What is the best strategy for personal branding? Many people think being spontaneous is enough….
Claudia Barberis: «Personal branding is part of business marketing. However, you’re dealing with people, not collective dynamics, so the individual element comes into play. Do you think that the way entrepreneurs, like Nerio Alessandri of Technogym, show themselves to the public is casual? Absolutely not! You get exactly what he wants to reveal; nothing is improvised. You can be spontaneous when you know a method perfectly, a bit like driving a car. When you master the mechanism, then you can be spontaneous. Otherwise, you have accidents….
The point is: how do human relationships work? Social networks exactly mirror human dynamics, but with an added boost. Tools and languages change, but everything is always linked to the functioning of the brain and emotions.»
Is Claudia Barberis sensible or sentimental?
Claudia Barberis: «Both! Think about great entrepreneurs; the reason why they are followed is not so much what they did, but how they tell the story, often keeping the human side. There might be some wrong detail, but that’s very humanizing. Take Chiara Ferragni as an example: she’s beautiful but… a simple multimillionaire. She communicates what she can. Sure, some ways of expressing herself are more appropriate than others, which are penalizing. Consistency is a key element, and to be consistent, you must first… be yourself. Personal branding cannot be separated from analyzing who you really are. ‘Why should they listen to me?’ That’s one of the first things to ask yourself.»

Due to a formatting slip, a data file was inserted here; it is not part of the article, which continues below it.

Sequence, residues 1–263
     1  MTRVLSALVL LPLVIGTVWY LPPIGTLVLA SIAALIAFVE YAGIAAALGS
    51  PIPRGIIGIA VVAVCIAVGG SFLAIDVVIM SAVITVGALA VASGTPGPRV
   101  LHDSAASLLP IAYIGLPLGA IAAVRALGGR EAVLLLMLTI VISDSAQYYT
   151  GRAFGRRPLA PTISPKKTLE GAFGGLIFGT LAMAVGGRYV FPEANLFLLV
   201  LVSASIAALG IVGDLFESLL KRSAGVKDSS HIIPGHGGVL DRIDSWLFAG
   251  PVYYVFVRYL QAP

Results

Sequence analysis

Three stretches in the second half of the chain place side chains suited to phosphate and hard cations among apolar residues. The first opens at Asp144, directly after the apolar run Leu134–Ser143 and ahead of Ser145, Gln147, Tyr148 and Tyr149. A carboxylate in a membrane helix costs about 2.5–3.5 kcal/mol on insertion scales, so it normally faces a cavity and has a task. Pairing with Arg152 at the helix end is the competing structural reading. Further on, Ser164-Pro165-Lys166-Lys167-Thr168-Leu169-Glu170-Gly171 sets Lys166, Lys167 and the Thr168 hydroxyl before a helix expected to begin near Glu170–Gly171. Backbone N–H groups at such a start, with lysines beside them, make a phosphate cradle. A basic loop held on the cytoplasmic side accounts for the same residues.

How do you bring out the soul? How does the personal branding process start?
Claudia Barberis: «The analysis part takes about six weeks. In the beginning, we meet for two hours once a week, starting with a skills analysis. During this first period, I induce clients to reflect using questionnaires drawn up with the help of a psychologist. Then we move on to the social context: ‘Who is around you? Who are you addressing? This involves not only potential clients but all the people who could benefit you—your social network. If you start the journey with the wrong client, it’s going to be hell… Finally, you move on to the introspective part. Who are you? I often catch clients’ amazement when they say things they didn’t think about themselves.»
What are the differences between men and women?
Claudia Barberis: «Induced, cultural differences, not soul differences. Men typically overflow with self-esteem, while the women have to build it. But in the end, when you break down the walls of defense, everyone is looking for the same thing. The differences between the sexes are insubstantial; the same heart beats beneath the armor. There is the same desire to be understood, to find something that makes sense.